As for the worker, a labor that he follows closely, like that of past times, could and should interest him. Work in large industry, where his labor is often only partial and often repeated, can no longer interest him. It is only when he sees the whole and the aim before him that interest is recovered.

It results from the present system that personal interest in production disappears, and this is an evil, because it implies the degradation of labor. We want a society where labor does not make itself felt as a sad and hard necessity, but one where it will be the satisfaction of the healthy man’s natural need for activity. For that, it would be necessary that each once again lives their labor and find interest there. The proportions, the dimensions will be very important in this recovery of labor.

The maintenance of large-scale industry, even under the pretext of economizing on labor, will again separate the worker from the work; the indifference will persist, and then there will be a lack of care for the administration of each industry, waste, etc.

So if the Syndicates took possession of the factories, tools and materials of their present trades, it would be disastrous: they would simply continue a system that we want to destroy; it would only be a change of proprietors. In America, for the various branches of production, everything passes through the hands of the trusts of the capitalists — in revolutionary France, it would be the trust of the workers; in both cases it would be a group of pure interests that sets itself up opposite everyone.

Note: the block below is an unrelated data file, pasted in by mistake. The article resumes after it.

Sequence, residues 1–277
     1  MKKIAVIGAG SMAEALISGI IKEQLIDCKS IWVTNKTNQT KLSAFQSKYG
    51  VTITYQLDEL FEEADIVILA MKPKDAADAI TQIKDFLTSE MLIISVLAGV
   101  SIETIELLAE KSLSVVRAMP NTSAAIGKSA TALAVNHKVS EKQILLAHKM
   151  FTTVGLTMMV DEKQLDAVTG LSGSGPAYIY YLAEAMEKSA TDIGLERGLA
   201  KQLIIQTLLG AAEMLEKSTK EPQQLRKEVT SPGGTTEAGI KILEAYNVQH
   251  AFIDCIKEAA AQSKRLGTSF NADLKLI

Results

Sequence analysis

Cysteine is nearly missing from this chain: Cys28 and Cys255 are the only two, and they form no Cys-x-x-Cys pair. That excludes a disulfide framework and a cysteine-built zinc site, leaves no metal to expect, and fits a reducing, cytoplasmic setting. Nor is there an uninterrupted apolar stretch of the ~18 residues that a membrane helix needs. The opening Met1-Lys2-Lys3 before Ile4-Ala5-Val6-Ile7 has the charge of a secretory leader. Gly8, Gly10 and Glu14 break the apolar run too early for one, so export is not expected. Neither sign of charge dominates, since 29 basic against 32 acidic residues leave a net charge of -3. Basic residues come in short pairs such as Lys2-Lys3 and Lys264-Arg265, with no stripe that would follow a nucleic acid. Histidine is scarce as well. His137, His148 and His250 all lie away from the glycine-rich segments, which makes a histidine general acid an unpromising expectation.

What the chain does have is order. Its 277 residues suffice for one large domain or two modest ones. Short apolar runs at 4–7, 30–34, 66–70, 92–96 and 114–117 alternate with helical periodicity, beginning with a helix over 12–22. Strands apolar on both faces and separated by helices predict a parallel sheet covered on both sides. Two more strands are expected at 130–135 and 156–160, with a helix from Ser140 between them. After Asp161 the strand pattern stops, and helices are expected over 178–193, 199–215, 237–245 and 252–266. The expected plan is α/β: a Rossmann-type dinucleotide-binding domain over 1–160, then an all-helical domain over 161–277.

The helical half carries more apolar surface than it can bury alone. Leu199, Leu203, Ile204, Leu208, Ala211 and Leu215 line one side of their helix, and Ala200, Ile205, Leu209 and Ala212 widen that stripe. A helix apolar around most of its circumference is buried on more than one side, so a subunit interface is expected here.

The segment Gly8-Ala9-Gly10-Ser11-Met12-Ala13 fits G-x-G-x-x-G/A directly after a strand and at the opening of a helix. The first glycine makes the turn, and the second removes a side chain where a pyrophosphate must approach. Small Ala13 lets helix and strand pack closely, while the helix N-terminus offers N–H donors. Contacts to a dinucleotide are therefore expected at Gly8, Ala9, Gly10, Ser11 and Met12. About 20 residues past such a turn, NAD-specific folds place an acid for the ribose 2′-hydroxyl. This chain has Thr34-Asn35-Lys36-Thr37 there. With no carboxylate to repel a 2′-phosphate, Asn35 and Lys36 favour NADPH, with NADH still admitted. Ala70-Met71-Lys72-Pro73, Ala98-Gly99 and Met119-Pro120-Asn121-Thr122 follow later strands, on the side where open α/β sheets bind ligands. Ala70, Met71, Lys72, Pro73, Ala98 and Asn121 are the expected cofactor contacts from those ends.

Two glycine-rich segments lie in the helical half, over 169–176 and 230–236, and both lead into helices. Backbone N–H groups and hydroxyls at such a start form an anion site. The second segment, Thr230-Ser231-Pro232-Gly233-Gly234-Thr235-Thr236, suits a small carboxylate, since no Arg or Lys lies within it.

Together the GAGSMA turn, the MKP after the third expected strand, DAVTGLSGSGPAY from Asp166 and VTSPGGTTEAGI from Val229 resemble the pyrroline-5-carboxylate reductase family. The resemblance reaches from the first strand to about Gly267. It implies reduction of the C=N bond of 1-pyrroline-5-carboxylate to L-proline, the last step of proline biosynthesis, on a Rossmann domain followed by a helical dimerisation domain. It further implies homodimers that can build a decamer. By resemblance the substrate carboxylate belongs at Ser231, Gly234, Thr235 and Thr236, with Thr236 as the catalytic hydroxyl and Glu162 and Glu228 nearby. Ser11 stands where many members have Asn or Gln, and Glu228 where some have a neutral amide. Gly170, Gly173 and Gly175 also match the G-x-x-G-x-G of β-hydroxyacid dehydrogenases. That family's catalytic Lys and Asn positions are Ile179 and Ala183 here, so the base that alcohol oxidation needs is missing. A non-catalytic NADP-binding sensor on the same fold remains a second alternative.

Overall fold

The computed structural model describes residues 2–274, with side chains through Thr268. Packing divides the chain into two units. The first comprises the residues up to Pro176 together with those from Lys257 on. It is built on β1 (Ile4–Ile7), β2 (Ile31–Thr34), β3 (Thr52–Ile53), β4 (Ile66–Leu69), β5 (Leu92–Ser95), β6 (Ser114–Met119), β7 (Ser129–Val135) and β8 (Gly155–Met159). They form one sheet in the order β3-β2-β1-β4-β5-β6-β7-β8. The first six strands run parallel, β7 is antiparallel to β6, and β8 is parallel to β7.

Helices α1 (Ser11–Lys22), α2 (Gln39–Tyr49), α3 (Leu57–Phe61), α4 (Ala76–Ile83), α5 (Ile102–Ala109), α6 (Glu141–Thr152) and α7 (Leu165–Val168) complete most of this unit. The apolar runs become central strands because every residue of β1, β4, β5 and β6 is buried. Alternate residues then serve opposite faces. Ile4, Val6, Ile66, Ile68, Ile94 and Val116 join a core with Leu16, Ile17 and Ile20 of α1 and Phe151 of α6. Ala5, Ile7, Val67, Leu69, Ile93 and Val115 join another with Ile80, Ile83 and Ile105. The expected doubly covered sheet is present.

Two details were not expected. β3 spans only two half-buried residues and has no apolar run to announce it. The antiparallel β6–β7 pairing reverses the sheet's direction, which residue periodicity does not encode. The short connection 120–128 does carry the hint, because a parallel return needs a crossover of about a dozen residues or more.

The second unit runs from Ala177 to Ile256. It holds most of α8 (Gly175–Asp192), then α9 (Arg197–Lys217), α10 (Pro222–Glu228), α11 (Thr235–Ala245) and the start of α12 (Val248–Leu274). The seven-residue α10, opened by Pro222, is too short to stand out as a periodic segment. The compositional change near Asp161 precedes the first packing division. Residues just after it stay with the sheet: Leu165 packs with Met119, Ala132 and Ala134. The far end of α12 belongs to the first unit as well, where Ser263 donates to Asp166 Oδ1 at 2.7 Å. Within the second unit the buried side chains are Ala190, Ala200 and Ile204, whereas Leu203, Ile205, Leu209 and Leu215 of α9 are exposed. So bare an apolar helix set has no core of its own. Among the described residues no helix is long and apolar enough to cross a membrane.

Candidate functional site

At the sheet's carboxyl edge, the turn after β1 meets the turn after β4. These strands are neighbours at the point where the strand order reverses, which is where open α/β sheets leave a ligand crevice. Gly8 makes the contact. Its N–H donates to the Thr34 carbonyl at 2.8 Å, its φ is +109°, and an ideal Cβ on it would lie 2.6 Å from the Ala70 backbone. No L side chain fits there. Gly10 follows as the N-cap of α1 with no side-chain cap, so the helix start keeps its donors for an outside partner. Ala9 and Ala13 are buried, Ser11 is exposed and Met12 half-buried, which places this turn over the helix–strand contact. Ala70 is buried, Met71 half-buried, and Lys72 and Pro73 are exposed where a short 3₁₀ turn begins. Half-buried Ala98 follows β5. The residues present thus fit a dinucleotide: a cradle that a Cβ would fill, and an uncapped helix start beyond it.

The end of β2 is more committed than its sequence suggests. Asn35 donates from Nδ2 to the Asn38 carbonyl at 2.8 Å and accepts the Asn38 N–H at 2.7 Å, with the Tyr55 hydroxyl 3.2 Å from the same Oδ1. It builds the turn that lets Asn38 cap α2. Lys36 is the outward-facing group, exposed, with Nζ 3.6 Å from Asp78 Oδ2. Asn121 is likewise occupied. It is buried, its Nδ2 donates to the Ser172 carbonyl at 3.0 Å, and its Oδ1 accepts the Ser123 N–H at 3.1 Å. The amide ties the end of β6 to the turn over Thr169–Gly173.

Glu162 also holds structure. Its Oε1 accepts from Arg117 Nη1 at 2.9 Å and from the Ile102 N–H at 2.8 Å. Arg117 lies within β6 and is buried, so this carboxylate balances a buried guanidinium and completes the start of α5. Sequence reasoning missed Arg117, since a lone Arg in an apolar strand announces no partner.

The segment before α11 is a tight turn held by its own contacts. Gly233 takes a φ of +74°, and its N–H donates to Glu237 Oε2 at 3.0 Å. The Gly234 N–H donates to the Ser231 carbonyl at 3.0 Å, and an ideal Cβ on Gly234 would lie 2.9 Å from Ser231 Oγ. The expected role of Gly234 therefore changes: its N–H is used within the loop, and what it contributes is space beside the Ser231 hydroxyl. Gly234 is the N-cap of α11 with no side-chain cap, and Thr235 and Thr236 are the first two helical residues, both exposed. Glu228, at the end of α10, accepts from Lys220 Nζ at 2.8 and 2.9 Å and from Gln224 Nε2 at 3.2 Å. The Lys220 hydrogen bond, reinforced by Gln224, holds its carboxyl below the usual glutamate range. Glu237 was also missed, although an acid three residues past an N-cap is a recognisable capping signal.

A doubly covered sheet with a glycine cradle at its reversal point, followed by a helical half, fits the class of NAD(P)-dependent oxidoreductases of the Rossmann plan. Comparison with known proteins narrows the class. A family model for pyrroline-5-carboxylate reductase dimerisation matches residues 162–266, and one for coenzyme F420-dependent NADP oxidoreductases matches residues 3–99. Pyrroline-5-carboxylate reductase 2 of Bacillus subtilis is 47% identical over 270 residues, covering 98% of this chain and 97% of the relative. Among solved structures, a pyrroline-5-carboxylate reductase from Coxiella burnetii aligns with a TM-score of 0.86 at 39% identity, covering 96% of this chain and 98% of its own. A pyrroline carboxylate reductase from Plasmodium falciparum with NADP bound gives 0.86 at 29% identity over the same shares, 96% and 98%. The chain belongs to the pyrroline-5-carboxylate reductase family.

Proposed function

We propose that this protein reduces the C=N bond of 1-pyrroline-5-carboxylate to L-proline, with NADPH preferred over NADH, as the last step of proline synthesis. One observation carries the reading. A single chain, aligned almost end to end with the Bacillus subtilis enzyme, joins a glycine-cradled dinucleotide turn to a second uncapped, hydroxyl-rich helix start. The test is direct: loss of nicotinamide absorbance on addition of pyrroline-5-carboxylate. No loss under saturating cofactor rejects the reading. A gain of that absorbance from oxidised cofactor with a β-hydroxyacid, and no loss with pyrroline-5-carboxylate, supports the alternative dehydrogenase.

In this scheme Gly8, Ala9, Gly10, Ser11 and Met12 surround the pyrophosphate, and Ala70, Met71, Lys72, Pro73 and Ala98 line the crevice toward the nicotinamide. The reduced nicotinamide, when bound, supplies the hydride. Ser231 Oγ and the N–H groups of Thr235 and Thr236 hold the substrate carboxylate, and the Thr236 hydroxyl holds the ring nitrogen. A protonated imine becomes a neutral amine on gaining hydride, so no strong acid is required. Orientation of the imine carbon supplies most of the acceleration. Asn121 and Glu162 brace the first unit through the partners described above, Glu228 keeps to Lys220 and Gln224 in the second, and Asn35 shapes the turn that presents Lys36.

This is what the peasants have done for a long time with a great success in various countries: agreement of the peasants and great proprietors, the agrarian parties are in reality business parties who only do what all the Syndicates do, sell their products at the high price possible, without considering the general interests at all.

We have always taken for the essential characteristic and defect of the present social system that the individual interest (of persons or groups, it is the same thing) tramples under foot the general (collective) interest, and the safeguard of the (collective) interest is the first word of all socialism. From that, it seems to me to follow that the project of an appropriation of everything by the respective Syndicates remains on the terrain of the present Society and distances itself from all socialism; for it will be a new division of social wealth between various groups: from the capitalist trusts we will pass to the worker trusts.

I am told that from there we will pass more swiftly to what we truly desire. That remains to be proven and debated; for we can also very well think that this hoarding, monopolist syndicalism will disgust the world so much with collective efforts that we will fall back into a fierce selfishness that will lead to a new enslavement of the weak.